Answering your questions: EDTA "pink top" tube for blood bank.Q I recently read in my immunohematology textbook, Immunohematology principles and practice, 2nd ed., by Eva D. Quinley, and have heard in a recent lecture that the preferred specimen for ABO ABO
See: Accumulated Benefit Obligation and Rh typing is non-anticoagulated specimen, or one anticoagulated with heparin heparin (hĕp`ərĭn), anticoagulant produced by cells in many animals. A polysaccharide, heparin is found in the human body and occurs in greatest concentration in the tissues surrounding the capillaries of the lungs and the liver. in order to preserve complement. My question is how did the standard blood-collection tube for blood bank become the EDTA EDTA: see chelating agents. "pink top" tube? EDTA binds calcium and thereby inhibits complement activation.
A According to according to
1. As stated or indicated by; on the authority of: according to historians.
2. In keeping with: according to instructions.
3. American Association American Association refers to one of the following professional baseball leagues:
the formation of a jellylike substance over the ends or within the walls of a blood vessel, with resultant stoppage of the blood flow. cannot be used for transfusion testing. Given the need for rapid turnaround, waiting for specimens to clot is a delay that many trauma patients cannot afford. Patients on anticoagulants Anticoagulants
Drugs that suppress, delay, or prevent blood clots. Anticoagulants are used to treat embolisms.
Mentioned in: Embolism, Heart Valve Replacement can also experience significant delays in getting blood ready because of prolonged clotting times. A major advantage with using EDTA is that testing can begin as soon as the specimen arrives in the lab, with no waiting for clotting. As the questioner implies, the concern with using EDTA-stabilized specimens is that there are clinically significant antibodies that can be detected only when activated complement is present (especially J[k.sup.a] and J[k.sup.b]). By blocking complement activation, EDTA impairs our ability to detect these antibodies. While this is a well-recognized limitation of EDTA, most clinically significant non-A, -B, -O antibodies are IGG molecules; and we are not reliant solely on complement for their detection. The increased use of gel-/solid-phase methods for antibody testing has increased interest in use of EDTA because these methods seem to perform more reliably when plasma is used. (2) Validation studies and clinical trials done over the last decade have shown that the combination of EDTA-stabilized specimens, monospecific monospecific /mono·spe·cif·ic/ (mon?o-spe-sif´ik) having an effect only on a particular kind of cell or tissue or reacting with a single antigen, as a monospecific antiserum. IGG reagents, and gel-/solid-phase testing is fast, safe, and reliable. (3)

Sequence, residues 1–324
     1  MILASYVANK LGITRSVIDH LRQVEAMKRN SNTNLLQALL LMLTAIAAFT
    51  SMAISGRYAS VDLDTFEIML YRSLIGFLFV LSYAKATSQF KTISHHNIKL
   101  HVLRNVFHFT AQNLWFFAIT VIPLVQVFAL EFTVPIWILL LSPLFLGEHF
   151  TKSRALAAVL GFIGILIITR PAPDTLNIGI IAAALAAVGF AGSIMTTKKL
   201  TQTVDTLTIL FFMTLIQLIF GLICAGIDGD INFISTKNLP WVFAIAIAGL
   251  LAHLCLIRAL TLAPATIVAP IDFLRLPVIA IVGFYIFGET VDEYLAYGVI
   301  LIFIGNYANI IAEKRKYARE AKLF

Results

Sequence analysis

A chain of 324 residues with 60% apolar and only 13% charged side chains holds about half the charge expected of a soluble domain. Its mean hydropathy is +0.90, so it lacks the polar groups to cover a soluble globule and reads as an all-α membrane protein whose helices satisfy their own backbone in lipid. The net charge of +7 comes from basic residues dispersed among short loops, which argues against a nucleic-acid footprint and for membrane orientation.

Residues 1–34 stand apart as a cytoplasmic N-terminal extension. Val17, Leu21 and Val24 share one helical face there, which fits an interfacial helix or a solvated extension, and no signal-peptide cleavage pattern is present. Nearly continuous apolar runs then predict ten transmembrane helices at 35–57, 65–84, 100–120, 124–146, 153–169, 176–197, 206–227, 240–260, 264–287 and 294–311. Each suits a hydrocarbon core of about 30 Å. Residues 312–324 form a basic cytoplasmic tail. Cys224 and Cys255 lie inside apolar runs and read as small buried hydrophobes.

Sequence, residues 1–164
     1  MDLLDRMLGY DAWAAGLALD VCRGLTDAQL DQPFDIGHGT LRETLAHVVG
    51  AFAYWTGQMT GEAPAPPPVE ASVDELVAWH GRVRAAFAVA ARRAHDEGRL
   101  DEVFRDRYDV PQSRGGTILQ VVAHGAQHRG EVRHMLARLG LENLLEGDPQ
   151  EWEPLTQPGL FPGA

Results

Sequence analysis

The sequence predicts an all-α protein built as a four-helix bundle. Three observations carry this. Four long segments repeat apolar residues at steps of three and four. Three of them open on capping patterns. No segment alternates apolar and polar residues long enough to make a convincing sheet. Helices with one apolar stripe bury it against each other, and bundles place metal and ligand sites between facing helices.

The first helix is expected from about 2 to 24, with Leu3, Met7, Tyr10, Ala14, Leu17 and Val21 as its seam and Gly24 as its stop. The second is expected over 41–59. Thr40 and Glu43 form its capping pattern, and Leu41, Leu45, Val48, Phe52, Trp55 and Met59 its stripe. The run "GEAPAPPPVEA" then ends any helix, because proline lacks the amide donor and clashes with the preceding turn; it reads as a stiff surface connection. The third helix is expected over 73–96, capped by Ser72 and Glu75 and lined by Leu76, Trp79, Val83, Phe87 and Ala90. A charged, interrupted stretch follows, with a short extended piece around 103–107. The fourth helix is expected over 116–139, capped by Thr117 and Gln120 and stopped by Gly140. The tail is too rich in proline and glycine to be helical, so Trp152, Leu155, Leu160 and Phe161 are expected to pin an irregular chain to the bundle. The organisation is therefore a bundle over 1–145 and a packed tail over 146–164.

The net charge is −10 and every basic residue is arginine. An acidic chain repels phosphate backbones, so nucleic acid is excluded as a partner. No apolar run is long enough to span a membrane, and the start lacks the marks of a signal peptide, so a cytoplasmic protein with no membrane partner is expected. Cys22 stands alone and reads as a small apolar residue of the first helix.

While no perfect method for antibody screening has yet been found, many blood bankers have concluded that EDTA is a practical compromise
that meets the needs of most patients.
"Our labs are much more than technology. They are the dedicated people who go the extra mile to provide service to our patients. Keep up the good work."--Daniel M. Baer, MD, MLO MLO Mycoplasma-like organism(s) editorial advisory board
(1.) Menitove JE, ed. Standards for Blood Banks and Transfusion Services. 22nd ed. Bethesda, MD: American Association of Blood Banks; 2003.
(2.) Scott Y. Comparison of plasma and serum for antibody detection using DiaMed microtubes. Transfus Med. 1996;6(1)65.
(3.) Titlestad K. Detection of irregular red cell antibodies: more than 3 years of experience with a gel technique and pooled screening cells. Vox Sang. 1997;73(4):246-251.
Edited by Daniel M. Baer, MD
--Richard M. Scanlan, MD
Director, Transfusion Medicine transfusion medicine Blood banking A subspecialty of clinical pathology or internal medicine which is involved in Pt management through administration of blood cells and blood products including fresh-frozen plasma and cryoprecipitate; TM specialists are versant in
Oregon Health and Science University
MLO's "Tips from the Clinical Experts" provides practical, up-to-date solutions to readers' technical and clinical issues from a panel of experts in various fields. Readers may send questions to Dan Baer by e-mail at firstname.lastname@example.org.
Daniel M. Baer, MD, is professor emeritus of laboratory medicine at Oregon Health and Science University in Portland, OR, and a member of MLO's editorial advisory board.